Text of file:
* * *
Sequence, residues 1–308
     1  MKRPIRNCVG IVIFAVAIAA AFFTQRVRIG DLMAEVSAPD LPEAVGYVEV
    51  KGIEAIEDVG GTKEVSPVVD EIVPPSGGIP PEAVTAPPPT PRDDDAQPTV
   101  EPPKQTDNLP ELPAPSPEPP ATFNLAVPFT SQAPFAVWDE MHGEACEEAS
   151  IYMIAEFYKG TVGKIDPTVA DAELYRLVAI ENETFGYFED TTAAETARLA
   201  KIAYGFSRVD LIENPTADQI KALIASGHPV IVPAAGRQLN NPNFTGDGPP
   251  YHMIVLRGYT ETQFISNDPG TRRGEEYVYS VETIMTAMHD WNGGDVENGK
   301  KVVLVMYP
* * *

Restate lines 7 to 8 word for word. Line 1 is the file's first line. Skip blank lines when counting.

   251  YHMIVLRGYT ETQFISNDPG TRRGEEYVYS VETIMTAMHD WNGGDVENGK
   301  KVVLVMYP